"We don't have a time frame set in stone but it's a process that we have already started so right now it's just execution time," chairman and CEO Lourenco Goncalves said in an interview Wednesday.
The mine, about 975 kilometres northeast of Quebec City and 30 kilometres southwest of Labrador City, N.L., is in an area known for iron ore deposits.
Shares in Cliffs (NYSE:CLF) closed down $2.04 or just under 20 per cent at $8.17 Wednesday in New York. The stock has had a 52-week range of between $7 and $28.23 per share.
Goncalves said falling iron ore prices made Bloom Lake unprofitable, forcing the need for a capacity expansion.
Even if metal prices unexpectedly rose, it wouldn't be enough to save the mine, he said.
"You cannot have a business that is only viable when iron ore prices are high because the overall business is cyclical. So even if iron ore prices next month go through the roof there's no assurance that they will not go down again."
Closing the mine would cost an estimated US$650 million to US$700 million over five years, mainly from three years of costs required to be paid to the Quebec North Shore and Labrador Railroad owned by Rio Tinto subsidiary Iron Ore Company of Canada.
According to the company's website, the mine had 539 fly-in workers and 40 local staff as of the end of 2013.
In asking the provincial government to intervene, the union representing workers said the closure marks the "death of the Northern Plan" for Fermont, where the mine is located.
"If this miner is not able to invest....we ask that it sell the installation to anyone to complete the second phase," Steelworkers representative Dominic Lemieux told a news conference.
Goncalves conceded that Bloom Lake's closure imperils the government's economic project to develop the resource-rich region of the province.
Cliffs acquired majority ownership of Bloom Lake — a new mine that began production in 2010 — as part of its takeover of Consolidated Thompson Iron Mines Ltd. in a $4.9-billion deal that closed in 2011.
The company announced two years ago, in November 2012, that it would delay Phase 2 and idle some of its U.S. iron ore operations in Minnesota and Michigan.
Two months later, in January 2013, it said the value of its Consolidated Thompson acquisition would be written down by about US$1 billion because of reduced anticipated long-term volumes and higher projected costs but continued to say the Phase 2 construction would be complete by early 2014.
Then, in third-quarter results issued Oct. 27, Cliffs said it had written down its Bloom Lake long-lived assets by a further US$4.5 billion and that it wouldn't provide 2015 guidance for sales tonnage from the mine because the company hadn't made a definitive decision on its future.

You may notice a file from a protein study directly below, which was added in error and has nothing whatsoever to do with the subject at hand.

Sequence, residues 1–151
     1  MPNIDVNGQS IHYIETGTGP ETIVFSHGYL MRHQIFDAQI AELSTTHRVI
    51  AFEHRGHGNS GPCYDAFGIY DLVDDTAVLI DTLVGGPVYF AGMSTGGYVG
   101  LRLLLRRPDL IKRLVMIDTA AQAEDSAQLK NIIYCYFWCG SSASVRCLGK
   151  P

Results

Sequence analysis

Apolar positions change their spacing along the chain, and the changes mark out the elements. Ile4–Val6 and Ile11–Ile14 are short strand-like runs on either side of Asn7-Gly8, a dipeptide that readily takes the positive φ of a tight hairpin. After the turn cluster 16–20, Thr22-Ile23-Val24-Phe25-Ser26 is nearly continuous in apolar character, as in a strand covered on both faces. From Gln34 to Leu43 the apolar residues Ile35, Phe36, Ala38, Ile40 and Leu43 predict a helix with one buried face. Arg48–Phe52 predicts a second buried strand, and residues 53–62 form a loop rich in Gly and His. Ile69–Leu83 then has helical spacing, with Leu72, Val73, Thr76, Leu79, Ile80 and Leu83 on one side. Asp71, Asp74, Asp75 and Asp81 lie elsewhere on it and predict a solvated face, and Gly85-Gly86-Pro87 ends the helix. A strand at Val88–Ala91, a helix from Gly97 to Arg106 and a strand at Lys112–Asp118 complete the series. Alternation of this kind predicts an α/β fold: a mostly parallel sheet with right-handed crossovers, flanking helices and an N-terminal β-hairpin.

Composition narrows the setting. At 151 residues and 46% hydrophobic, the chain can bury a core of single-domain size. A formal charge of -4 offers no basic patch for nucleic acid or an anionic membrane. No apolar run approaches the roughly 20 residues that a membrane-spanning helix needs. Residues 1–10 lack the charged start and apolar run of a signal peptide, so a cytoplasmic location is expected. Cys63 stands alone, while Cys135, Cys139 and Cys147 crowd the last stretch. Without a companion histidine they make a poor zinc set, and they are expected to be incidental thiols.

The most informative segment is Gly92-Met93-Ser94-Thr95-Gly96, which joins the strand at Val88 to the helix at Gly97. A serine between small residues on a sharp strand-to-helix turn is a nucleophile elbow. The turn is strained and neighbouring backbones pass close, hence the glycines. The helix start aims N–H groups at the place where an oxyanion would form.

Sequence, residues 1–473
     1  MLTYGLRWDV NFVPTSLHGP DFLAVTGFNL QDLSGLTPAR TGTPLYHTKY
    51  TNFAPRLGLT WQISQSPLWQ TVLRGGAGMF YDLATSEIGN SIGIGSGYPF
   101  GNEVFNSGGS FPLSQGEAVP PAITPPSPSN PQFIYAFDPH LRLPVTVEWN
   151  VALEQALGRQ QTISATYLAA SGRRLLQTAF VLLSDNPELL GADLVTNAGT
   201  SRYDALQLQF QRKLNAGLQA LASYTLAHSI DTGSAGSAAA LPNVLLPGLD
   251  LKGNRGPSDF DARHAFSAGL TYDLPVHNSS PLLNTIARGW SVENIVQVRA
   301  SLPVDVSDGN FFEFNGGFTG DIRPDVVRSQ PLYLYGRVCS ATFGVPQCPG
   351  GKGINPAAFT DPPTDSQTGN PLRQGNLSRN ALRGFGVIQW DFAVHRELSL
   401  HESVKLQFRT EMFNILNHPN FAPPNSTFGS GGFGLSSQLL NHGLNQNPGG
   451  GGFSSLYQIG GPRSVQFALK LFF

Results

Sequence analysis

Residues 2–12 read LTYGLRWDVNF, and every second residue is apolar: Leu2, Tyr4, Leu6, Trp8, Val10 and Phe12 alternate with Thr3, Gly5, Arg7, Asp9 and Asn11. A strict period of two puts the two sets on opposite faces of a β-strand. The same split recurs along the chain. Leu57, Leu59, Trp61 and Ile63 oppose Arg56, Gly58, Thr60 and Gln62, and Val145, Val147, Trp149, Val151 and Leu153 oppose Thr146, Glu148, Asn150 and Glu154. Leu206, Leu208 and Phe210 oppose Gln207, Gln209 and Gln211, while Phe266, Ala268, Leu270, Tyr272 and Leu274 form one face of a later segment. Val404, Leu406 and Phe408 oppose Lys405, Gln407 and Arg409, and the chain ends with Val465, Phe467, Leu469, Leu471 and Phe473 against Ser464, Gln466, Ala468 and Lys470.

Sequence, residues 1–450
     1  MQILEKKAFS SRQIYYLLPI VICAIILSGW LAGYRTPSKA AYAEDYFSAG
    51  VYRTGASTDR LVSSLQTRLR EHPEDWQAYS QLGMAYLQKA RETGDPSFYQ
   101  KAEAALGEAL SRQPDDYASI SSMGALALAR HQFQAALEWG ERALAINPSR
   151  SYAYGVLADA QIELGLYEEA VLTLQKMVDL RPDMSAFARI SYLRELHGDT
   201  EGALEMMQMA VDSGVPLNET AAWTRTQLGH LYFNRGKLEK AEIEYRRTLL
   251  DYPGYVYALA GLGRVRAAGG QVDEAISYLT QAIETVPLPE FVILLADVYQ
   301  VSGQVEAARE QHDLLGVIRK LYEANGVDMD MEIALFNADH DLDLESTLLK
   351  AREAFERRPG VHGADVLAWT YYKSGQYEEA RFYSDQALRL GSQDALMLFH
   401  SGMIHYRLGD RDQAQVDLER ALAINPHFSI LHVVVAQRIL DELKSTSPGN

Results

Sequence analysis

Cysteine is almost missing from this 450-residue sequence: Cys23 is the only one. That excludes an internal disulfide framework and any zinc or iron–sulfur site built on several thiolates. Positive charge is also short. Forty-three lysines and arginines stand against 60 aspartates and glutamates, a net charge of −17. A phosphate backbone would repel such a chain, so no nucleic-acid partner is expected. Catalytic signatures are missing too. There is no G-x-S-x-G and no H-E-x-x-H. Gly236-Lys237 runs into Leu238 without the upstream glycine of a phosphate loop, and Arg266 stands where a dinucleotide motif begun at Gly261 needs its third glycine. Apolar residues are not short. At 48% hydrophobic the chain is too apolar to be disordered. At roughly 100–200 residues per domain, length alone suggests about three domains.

Bloom Lake has an annual capacity to produce seven million tonnes of ore. A phase 2 expansion would have raised that to 14 million tonnes, with plans for a further upgrade to push capacity to 21 million tonnes.
The company targeted three more equity partners to each buy a 10 per cent stake by the end of 2014. Among them was Nucor, according to a Wall Street Journal report.
Goncalves said any hope of finding investors evaporated when one of the three said it couldn't meet his deadline to make a decision by year-end.
"It's three or nothing," he said.
Cliffs also disclosed Wednesday that its Quebec subsidiary and Bloom Lake partners recently lost an arbitration claim against a former customer, which had terminated a sales agreement in August 2011. The arbitrator awarded the former customer more than $71 million in compensation and other fees.
Analysts said the closure costs are higher than they had forecast.
Brian Yu of Citi said it was unclear if Cliffs can "ring-fence Canada" as it previously stated — suggesting it hoped to isolate the problem without affecting other global operations. "While today's announcement is specific to Bloom Lake, the company's Australia mines are also at risk of closure," Yu wrote in a report.
He reiterated his sell rating based on a forecast for iron ore prices to average US$65 per tonne in 2015-2016. However, Yu doesn't foresee Cliffs breaching its lending covenants over the next two years, assuming the company ends its dividend.
Low iron ore prices have disrupted operations in the Labrador Trough region of Quebec.
Toronto-based Labrador Iron Mines (TSX:LIM) has suspended all operations at its mines for the year. The company said Tuesday that it needs a financial restructuring and new creditor agreements while it waits out a market downturn that has cut iron ore prices.
LIM is seeking to negotiate support from an existing creditor and offtake partner, RBRG Gerald Metals, but expects that could require a filing under the Companies' Creditors Arrangement Act and more favourable commercial terms on supply and service contracts.
Cliffs previously idled its other two operations in Eastern Canada — Wabush Mine in Newfoundland and Labrador earlier this year affecting 500 employees — and Pointe Noire near Sept-Iles in 2013, affecting 165 workers.
— With files from Julien Arsenault
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